MWP and LIA in IPCC reports

MWP and LIA in IPCC reports

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The description of the Medieval Warm Period and Little Ice Age in IPCC reports has changed since the first report in 1990 as scientific understanding of the temperature record of the past 1000 years
Temperature record of the past 1000 years
The temperature record of the 2nd millennium describes the reconstruction of temperatures since 1000 CE on the Northern Hemisphere, later extended back to 1 CE and also to cover the southern hemisphere. A reconstruction is needed because a reliable surface temperature record exists only since about...

 has improved. The Medieval Warm Period
Medieval Warm Period
The Medieval Warm Period , Medieval Climate Optimum, or Medieval Climatic Anomaly was a time of warm climate in the North Atlantic region, that may also have been related to other climate events around the world during that time, including in China, New Zealand, and other countries lasting from...

 (MWP) and Little Ice Age
Little Ice Age
The Little Ice Age was a period of cooling that occurred after the Medieval Warm Period . While not a true ice age, the term was introduced into the scientific literature by François E. Matthes in 1939...

 (LIA) are the best-known temperature fluctuations in the last millennium.

Critics of the "hockey stick graph" of later reports have claimed
Hockey stick controversy
The hockey stick controversy refers to debates over the technical correctness and implications for global warming of graphs showing reconstructed estimates of the temperature record of the past 1000 years...

 that the record of the MWP and LIA were suppressed in the IPCC Third Assessment Report
IPCC Third Assessment Report
The IPCC Third Assessment Report, Climate Change 2001, is an assessment of available scientific and socio-economic information on climate change by the IPCC. The IPCC was established in 1988 by the United Nations Environment Programme and the UN's World Meteorological Organization ".....

, although every report has discussed the phenomena.

1990 report (FAR)

With the growth of interest in global warming
Global warming
Global warming refers to the rising average temperature of Earth's atmosphere and oceans and its projected continuation. In the last 100 years, Earth's average surface temperature increased by about with about two thirds of the increase occurring over just the last three decades...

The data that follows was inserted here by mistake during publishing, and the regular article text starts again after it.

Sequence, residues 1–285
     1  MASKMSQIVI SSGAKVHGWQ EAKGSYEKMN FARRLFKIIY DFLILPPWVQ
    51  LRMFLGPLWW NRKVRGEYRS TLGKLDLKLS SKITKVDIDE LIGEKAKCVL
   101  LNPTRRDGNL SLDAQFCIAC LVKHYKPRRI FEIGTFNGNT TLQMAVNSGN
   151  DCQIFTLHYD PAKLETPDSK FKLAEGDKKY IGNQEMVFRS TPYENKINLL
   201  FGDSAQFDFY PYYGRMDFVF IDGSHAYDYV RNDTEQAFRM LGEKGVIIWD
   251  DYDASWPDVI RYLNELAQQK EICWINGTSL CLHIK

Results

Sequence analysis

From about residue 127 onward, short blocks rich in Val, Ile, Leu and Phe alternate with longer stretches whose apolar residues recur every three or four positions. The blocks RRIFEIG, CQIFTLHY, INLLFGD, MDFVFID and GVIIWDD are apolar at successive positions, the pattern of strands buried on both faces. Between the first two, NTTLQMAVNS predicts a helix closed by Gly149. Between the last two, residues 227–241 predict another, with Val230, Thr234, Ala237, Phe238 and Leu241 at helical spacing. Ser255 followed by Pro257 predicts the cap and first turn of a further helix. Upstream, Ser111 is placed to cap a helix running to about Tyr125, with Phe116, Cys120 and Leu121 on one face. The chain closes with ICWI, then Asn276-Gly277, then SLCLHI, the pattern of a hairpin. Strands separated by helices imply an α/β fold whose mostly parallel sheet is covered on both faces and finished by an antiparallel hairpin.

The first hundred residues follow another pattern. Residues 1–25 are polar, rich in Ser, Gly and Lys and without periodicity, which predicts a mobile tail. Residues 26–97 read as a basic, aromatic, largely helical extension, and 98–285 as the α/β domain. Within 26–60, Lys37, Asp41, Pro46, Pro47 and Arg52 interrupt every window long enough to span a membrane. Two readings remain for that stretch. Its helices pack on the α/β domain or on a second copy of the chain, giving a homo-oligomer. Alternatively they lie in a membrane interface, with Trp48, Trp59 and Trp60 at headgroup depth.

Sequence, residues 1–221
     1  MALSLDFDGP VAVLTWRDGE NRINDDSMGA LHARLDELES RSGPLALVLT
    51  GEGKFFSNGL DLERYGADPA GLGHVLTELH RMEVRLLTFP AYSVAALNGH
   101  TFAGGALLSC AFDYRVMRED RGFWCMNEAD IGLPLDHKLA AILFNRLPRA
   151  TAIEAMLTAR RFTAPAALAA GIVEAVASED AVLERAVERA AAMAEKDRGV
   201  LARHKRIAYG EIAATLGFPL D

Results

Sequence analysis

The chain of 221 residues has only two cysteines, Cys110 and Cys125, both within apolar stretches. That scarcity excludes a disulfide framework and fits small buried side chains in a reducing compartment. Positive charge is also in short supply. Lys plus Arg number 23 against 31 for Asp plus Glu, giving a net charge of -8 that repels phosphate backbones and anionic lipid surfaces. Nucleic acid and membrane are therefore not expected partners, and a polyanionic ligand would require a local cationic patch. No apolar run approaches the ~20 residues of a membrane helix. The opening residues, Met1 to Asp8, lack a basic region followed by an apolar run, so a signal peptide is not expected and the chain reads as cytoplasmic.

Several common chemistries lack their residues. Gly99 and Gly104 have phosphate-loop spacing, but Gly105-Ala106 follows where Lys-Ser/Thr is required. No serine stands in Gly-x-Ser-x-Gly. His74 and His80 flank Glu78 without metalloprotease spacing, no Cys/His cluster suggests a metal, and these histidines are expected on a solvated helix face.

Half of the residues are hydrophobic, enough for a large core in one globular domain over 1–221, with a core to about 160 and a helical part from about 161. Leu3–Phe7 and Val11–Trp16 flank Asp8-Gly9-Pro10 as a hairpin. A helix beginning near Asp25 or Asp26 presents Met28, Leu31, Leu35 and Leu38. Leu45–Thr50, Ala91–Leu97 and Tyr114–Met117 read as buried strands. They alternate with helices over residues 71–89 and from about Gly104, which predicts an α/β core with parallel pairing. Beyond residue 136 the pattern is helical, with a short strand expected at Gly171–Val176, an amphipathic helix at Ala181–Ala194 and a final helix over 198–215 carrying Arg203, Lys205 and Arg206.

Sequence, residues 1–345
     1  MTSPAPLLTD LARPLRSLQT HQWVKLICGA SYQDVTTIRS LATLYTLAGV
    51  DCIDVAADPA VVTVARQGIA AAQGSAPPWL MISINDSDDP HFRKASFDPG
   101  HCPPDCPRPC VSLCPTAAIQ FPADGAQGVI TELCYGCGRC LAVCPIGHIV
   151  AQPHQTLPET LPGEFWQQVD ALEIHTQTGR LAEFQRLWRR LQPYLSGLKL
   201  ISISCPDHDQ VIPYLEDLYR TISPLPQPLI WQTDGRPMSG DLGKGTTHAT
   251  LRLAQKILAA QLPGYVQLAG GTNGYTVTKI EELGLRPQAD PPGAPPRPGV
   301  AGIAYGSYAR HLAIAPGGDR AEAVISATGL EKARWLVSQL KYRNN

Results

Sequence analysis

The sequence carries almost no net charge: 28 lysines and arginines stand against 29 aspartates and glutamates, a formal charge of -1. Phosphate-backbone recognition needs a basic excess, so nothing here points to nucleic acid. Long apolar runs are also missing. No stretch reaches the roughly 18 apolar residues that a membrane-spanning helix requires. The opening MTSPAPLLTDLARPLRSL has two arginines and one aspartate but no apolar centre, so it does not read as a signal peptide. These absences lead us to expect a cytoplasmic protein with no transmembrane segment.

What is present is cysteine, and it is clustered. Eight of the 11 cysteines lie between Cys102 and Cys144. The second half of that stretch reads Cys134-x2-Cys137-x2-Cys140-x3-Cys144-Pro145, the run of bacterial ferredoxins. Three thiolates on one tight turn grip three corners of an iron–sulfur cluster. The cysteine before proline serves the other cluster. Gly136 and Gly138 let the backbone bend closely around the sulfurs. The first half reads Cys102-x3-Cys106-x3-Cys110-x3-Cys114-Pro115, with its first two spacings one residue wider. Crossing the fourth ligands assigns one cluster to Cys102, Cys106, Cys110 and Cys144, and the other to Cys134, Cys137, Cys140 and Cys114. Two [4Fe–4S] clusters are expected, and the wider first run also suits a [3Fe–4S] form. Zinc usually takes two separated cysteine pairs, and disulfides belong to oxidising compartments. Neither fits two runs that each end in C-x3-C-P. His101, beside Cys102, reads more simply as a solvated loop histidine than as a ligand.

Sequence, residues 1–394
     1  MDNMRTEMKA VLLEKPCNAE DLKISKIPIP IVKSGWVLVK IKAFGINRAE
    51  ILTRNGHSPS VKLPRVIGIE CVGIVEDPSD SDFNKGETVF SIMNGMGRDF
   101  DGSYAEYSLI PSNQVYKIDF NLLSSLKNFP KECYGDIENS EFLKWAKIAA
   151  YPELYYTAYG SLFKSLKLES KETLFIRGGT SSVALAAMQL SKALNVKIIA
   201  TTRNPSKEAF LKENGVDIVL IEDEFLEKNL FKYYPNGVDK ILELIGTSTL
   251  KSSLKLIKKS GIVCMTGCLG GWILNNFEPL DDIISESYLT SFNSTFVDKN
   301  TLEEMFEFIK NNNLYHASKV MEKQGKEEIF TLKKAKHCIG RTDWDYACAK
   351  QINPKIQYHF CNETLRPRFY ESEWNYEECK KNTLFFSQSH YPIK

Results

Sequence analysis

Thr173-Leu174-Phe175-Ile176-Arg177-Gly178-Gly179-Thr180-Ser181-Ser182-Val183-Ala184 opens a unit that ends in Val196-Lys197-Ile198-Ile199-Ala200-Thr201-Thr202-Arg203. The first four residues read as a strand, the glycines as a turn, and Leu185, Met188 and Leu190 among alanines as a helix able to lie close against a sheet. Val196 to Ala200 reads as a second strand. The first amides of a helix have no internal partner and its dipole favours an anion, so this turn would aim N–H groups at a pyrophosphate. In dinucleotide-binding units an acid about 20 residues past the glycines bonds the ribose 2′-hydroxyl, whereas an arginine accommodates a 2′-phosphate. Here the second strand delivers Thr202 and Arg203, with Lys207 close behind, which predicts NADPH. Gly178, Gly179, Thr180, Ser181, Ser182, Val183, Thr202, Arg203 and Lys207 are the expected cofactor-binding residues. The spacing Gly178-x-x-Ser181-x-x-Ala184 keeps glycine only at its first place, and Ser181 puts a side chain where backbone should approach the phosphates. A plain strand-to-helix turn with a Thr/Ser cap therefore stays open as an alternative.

in the 1980s came renewed interest in the past temperature record, and the question of whether past times had been warmer or colder than "present". However, at that time available records were few. The discussion in chapter 7 "Observed climate variations and change" of the last 1000 years (excluding the instrumental period) occupies less than a page.

A schematic (non-quantitative) curve was used to represent temperature variations over the last 1000 years in chapter 7. The vertical temperature scale was labelled as "Temperature change (°C)" but no numerical labels were given; it could be taken to imply that temperature variations of the MWP and LIA were each of the order of 0.5 °C from the temperature around 1900. The section specifically states recent climate changes were in a range of probably less than 2 °C. The 1990 report noted that it was not clear whether all the fluctuations indicated were truly global (p 202). The graph had no clear source (but can be traced to publications by Hubert Lamb
Hubert Lamb
Hubert Horace Lamb was an English climatologist who founded the Climatic Research Unit in 1972 in the School of Environmental Sciences at the University of East Anglia.-Career:...

 representing the Central England Temperature
Central England temperature
The Central England Temperature record was originally published by Professor Gordon Manley in 1953 and subsequently extended and updated in 1974, following many decades of painstaking work...

. Those publications have no explicit calibration against instrumental data, [and are] just Lamb’s qualitative judgement and interpretation of what he refers to as the ‘evidence’ ), and disappeared from the 1992 supplementary report.

Within the 1990 report, the LIA is taken to be global in extent but the MWP is not. Climate over the last 1000 years is mentioned very briefly in the SPM
Summary for policymakers